SANAA: Ground fighting and Saudi-led airstrikes targeting Yemen’s Shiite rebels killed nearly 100 people Wednesday, as negotiators in neighboring Oman tried to reach a truce, Yemeni security officials said.
They said representatives of the southern separatist movement were meeting with the Houthi rebels in the Omani capital Muscat.
A delegation from the party of former President Ali Abdullah Saleh, a key ally of the rebels, was also headed to Moscow to meet Russian officials, they said, speaking on condition of anonymity because they were not authorized to talk to reporters.
The fighting in Yemen pits the Houthis and allied troops loyal to Saleh against southern separatists, local and tribal militias, Sunni Islamic militants and loyalists of President Abed Rabbou Mansour Hadi, who is now based in Saudi Arabia. The rebels seized the capital, Sanaa, in September.
A day earlier, the rebels and other political parties sent a letter to U.N. chief Ban Ki-moon thanking him for his efforts despite inconclusive peace talks in Geneva last week.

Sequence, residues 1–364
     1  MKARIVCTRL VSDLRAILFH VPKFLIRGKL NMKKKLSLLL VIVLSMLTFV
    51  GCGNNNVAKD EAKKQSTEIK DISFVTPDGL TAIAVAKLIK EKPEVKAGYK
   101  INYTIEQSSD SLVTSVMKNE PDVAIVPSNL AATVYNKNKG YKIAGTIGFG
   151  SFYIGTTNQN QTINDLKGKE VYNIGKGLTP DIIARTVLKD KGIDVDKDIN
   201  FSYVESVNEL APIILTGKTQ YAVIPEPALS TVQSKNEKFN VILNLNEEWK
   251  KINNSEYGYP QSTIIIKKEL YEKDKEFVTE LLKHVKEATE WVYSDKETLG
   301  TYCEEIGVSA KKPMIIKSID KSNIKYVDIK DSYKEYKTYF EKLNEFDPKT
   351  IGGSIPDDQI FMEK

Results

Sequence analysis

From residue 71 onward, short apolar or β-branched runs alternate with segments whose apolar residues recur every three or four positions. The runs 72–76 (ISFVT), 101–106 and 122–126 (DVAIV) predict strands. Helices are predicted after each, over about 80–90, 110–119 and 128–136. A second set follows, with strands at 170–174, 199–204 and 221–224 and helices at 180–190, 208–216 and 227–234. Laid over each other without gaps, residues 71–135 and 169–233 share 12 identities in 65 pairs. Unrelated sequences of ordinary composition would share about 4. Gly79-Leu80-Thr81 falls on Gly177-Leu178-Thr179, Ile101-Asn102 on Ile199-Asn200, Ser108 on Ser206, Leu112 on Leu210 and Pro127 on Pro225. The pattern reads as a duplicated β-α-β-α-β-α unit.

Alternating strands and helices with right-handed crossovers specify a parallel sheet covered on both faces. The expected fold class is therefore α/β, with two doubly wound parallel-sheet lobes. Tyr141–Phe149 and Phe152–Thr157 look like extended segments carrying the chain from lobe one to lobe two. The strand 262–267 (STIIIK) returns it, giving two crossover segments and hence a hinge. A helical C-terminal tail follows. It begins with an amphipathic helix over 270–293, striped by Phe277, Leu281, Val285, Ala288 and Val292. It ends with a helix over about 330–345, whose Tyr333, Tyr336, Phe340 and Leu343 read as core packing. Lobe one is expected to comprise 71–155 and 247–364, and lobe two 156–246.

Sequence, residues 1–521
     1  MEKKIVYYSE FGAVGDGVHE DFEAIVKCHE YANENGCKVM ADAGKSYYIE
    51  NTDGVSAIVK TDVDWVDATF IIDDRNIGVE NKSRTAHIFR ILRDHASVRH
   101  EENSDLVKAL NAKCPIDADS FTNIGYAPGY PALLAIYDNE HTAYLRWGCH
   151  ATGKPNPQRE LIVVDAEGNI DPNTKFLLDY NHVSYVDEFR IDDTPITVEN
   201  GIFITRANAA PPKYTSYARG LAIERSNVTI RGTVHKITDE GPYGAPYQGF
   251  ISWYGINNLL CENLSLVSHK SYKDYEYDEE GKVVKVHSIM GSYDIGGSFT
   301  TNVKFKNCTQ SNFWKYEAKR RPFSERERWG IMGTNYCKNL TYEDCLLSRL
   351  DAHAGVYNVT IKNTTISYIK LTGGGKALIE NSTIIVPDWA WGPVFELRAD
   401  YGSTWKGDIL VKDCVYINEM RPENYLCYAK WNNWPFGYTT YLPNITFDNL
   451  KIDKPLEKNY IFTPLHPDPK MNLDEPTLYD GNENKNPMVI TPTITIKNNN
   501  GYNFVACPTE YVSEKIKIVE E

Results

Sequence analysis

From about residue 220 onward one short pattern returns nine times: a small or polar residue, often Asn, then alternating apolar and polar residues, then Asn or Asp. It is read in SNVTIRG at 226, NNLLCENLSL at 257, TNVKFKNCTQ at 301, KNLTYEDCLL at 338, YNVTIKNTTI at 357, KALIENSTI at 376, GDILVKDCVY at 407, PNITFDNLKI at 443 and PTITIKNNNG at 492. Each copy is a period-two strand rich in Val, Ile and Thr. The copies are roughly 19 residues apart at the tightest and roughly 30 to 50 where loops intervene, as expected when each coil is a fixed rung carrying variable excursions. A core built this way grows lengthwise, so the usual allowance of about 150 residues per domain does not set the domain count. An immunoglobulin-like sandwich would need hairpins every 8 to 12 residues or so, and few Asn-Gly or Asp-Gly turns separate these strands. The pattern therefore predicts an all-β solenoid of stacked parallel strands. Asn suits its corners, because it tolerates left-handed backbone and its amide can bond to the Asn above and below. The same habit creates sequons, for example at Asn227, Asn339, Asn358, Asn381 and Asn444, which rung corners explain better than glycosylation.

They urged the U.N. to intervene to stop the Saudi-led airstrikes.
Fierce fighting kicked off at dawn in the cities of Ibb, Aden, Taiz, Marib, Daleh and the Houthi stronghold of Saada, killing nearly 100 people, many of them civilians, the officials said. In Aden, dozens of shells fell on densely populated neighborhoods, while artillery duels shook the city of Taiz.
Also Wednesday, an International Committee of the Red Cross ship carrying 1,000 tons of food and three large generators from Oman docked in Yemen’s Hudaida port.
“In view of the economic blockade that affects all the people in Yemen, the arrival of this emergency aid is a welcome development,” said Antoine Grand, who heads the group in Yemen. “The food and generators will make a difference for tens of thousands of people directly affected by the armed conflict.”
The Houthi-controlled Interior Ministry said that some 20 civilians were killed Tuesday by coalition air raids.